FIG. 1 is a prespective view of a hand tool incorporating the present invention;
FIG. 2 is an end view of the hand tool as taken on view lines 2--2 of FIG. 1;
FIG. 3 is a side view of the hand tool as taken on view lines 3--3 of FIG. 2 but showing portions thereof removed;
FIG. 4 is a sectional view of the hand tool as taken on view lines 4--4 of FIG. 3;
FIG. 5 is an enlarged view of a portion of the sectional view of FIG. 4, as taken on view lines 5--5 of FIG. 3;
FIG. 6 is a sectional view as taken on view lines 6--6 of FIG. 5;
FIG. 7 is an enlarged view of a portion of the sectional view of FIG. 4 as taken on view lines 7--7 of FIG. 3; and
FIG. 8 is a view similar to FIG. 7 but showing a second position of the components thereof.
Referring to FIGS. 1 and 2 of the drawings, a welding hand tool 10 includes a hand grip 12 designed to be held in an operators hand (shown in dash lines in FIG. 1 only). The hand grip 12 includes an outer lever-like member 16 that forms a partial shell around an inner lever-like member 18. The outer and inner members are pivotally connected together near one end by a pivot pin 20.
A first electrode finger 22 is mounted to the outer member 16 (by screws 24) and a second electrode finger 26 is mounted to the inner member 18 (by screws 28). The free ends of the inner and outer members, opposite pivot pin 20, are thus adapted to be pivoted toward and away from each other and the electrode fingers 22 and 26 are similarly pivoted toward and away from each other. A coil spring 32 urges the members apart whereas forcing the members together is accomplished, in part, by the operator closing his hand, e.g. with the thumb pressing against the inner member 18 while the fingers hold the outer member 16 (see FIG. 1 where arrow 34 illustrates the force applied by the operator's thumb).
It will be appreciated that the electrode fingers 22 and 26 are connected to the electrical conductors 30. The normal operation of the tool involves manual positioning a pin 36 and conductor 38 between the electrode fingers (as shown in dash lines in FIG. 2), clamping the electrodes with sufficient force for secure welding and generating an electrical current through the electrodes to heat and partially melt the pin and conductor, thus resulting in a welding together of the conductor 38 and pin 36.
As previously explained, the clamping force 34 needs to be in the range of 5 or more pounds, and whereas this force can be generated by the operator for a number of welding operations, eventually the operator tires and the manual squeezing force decreases. Unless the pin and conductor are held tightly together, a dependable weld is not assured and a high percentage of welding failures will result. Thus the clamping force 34 is air assisted as will now be explained.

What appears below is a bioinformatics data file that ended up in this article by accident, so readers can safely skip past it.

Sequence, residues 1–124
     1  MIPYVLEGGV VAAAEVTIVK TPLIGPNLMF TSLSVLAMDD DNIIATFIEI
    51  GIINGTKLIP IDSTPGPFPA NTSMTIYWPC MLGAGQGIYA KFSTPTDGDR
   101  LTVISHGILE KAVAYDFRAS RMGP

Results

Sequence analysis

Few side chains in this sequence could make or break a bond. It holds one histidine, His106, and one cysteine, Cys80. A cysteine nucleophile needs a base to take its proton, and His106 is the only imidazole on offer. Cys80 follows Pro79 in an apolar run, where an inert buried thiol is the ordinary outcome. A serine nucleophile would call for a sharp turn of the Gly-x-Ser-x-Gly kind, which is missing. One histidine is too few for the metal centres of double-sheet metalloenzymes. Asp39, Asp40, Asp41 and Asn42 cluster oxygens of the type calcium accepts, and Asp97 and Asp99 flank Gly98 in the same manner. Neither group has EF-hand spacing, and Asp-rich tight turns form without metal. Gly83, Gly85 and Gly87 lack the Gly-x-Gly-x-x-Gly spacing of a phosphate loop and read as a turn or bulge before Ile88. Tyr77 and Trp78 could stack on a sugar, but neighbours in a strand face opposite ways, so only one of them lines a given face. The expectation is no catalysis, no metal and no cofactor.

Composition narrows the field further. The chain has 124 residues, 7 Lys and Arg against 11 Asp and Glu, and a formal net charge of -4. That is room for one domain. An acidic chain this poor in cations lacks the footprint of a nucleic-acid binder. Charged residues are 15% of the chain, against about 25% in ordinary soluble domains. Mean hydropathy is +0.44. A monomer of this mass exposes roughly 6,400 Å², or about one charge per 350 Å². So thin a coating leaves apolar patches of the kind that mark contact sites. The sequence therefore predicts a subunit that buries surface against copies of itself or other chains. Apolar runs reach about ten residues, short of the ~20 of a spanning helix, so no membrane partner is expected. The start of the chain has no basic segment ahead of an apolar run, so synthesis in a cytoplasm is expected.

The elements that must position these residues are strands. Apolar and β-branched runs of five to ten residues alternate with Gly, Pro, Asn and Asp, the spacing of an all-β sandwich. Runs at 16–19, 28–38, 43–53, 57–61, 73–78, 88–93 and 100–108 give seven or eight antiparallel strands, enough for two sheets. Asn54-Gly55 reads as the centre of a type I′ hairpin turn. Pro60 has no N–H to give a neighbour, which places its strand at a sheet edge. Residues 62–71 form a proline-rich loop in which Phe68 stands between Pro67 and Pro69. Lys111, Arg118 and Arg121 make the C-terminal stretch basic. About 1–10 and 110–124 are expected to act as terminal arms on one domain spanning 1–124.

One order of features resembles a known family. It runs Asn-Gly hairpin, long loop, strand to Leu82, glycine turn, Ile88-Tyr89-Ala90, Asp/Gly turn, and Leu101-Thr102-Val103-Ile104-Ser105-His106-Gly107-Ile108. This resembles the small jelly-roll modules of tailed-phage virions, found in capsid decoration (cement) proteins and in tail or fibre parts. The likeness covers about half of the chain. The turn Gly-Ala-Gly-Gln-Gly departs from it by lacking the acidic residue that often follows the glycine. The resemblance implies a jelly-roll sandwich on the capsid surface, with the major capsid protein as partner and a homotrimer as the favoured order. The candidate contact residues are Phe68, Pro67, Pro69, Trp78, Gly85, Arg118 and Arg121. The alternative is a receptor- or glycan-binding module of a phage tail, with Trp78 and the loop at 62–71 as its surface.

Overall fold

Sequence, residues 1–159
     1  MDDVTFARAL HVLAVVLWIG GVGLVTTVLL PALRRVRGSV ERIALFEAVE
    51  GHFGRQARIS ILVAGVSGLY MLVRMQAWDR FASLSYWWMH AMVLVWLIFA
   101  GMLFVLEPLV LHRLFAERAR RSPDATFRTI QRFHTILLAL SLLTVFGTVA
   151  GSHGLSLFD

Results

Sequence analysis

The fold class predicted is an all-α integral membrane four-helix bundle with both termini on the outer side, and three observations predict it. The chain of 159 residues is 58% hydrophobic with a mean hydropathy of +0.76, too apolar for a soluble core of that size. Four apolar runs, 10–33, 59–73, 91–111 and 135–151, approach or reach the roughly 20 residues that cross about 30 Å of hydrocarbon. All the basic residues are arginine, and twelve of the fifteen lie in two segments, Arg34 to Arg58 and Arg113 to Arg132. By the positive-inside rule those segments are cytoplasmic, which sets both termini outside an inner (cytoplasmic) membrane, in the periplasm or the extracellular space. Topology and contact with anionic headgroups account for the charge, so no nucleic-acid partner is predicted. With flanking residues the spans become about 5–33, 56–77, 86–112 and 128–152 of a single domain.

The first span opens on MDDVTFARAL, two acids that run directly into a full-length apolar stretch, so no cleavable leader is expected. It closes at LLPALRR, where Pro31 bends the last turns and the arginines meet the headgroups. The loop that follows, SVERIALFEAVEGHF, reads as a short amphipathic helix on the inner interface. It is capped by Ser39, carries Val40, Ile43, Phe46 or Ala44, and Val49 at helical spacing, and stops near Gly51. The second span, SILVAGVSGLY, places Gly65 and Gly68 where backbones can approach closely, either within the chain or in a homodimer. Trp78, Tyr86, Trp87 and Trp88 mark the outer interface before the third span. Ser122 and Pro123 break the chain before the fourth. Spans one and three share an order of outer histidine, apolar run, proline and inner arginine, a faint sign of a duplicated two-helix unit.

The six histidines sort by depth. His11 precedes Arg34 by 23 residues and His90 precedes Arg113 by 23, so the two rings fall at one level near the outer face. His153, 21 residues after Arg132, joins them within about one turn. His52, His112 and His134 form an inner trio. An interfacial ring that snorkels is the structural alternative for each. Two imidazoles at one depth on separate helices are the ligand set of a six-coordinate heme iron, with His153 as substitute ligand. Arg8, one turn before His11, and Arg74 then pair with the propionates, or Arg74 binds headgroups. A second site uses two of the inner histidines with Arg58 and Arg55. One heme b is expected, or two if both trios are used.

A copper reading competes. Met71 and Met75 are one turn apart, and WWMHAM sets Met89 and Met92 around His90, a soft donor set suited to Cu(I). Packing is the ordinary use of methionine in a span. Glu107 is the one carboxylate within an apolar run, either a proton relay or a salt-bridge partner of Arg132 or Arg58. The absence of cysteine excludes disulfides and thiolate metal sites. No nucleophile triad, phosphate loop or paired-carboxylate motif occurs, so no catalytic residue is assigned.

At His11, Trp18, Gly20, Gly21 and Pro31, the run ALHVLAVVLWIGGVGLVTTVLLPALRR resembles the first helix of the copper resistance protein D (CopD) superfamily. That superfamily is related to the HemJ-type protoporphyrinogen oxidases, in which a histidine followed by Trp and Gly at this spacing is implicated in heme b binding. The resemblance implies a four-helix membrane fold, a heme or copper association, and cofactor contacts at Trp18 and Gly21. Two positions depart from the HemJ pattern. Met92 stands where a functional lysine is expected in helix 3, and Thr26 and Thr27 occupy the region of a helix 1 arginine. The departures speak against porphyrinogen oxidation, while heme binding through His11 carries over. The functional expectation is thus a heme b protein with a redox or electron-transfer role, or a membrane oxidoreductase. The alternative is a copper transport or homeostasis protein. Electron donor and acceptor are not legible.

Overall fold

Referring to FIG. 4 of the drawings, the inner member 18 is provided with an internal air passage 40 with a threaded coupling inlet 42 that receives the coupling 44 of air line 46. The coupling inlet 42 is located at about the pivotal connection and opens to the side that faces member 16 (the air line 46 is threaded through an opening in member 16). The air passage 40 is provided adjacent the same side within member 18 and extends from the coupling inlet 42 to the extreme free end of the member. A second air passage 48, offset from the first air passage 40 toward the side opposite member 16, extends from the free end of member 18 back to the extreme opposite end. A chamber 50 is connected to the air passage 48 and is formed between the extreme ends of the inner and outer members (beyond the connection of pivot pin 20). The air passage 48 is provided in two sections with the first section closely adjacent to the air passage 40 and the second section further offset and closely adjacent to the said opposite side so as to accommodate the chamber 50. An interconnecting channel 52 interconnects the two sections of air passage 48. Plugs 54 are inserted at each exposed end of the passage 40, 48, and channel 52 (made necessary in the drilling of the air passages) to prevent unwanted air leakage.
Referring now also to FIGS. 7 and 8, a valve channel 56 interconnects the passage 40 and 48. A movable shuttle valve 58 seated in the valve channel 56, functions to control air passage from passage 40 to passage 48 (see directional arrows in FIG. 8), and from passage 48 to the atmosphere (see directional arrows in FIG. 7). As seen in the drawings, channel 56 is formed with upper and lower enlarged areas interconnected by a narrower area referred to as the channel throat 60. The shuttle valve 58 includes a protruding valve stem 62, a first "O" ring 64 adapted to seal the throat passageway with the stem 62 depressed as seen in FIG. 8, and a second "O" ring 66 adapted to seal the throat passageway with the stem 62 extended as seen in FIG. 7. A spring 67 in the base of the valve stem 62 urges the valve stem to its extended position of FIG. 7.
Referring again to FIGS. 4, 7, and 8, in the "at rest position", air pressure from air line 46 is sealed in air passage 40 due to the blockage by the valve 58 i.e. the valve stem 62 is extended and "O" ring 66 is positioned in the throat 60. In this position, "O" ring 64 is located in the enlarged end area of the passage 56 and passage 48 is thus in communication with the atmosphere as indicated by the directional arrows in FIG. 7.
When it is desired to initiate a weld, the electrode fingers are fist closed on the pin and conductor, accomplished by the operator pressing against a flexible cover 68 with the base of his thumb as illustrated in dash lines in FIG. 7. When manual gripping of the elements is achieved, the thumb is flexed forwardly as illustrated in dash lines in FIG. 8. This moves the valve stem 62 into its depressed position in the channel as illustrated in FIG. 8.
During the process of depressing the valve stem 62, "O" ring 64 first seals off the throat 60 leading to the atmosphere (for an instant "O" rings 64 and 66 are both in sealing engagement in the throat) and subsequently "O" ring 66 is pushed into the lower enlarged area of channel 56 to open the throat 60 to air pressure in passage 40. Air from passage 40 passes into and through passageway 48 into the chamber 50. Release of the thumb plate by the operator returns the valve stem (urged by spring 67) to its extended position, first completely sealing the throat 60 and then opening the passageway 48 to the atmosphere to thereby bleed off air pressure from the chamber 50. The air chamber and its reaction to the air pressure changes will now be explained.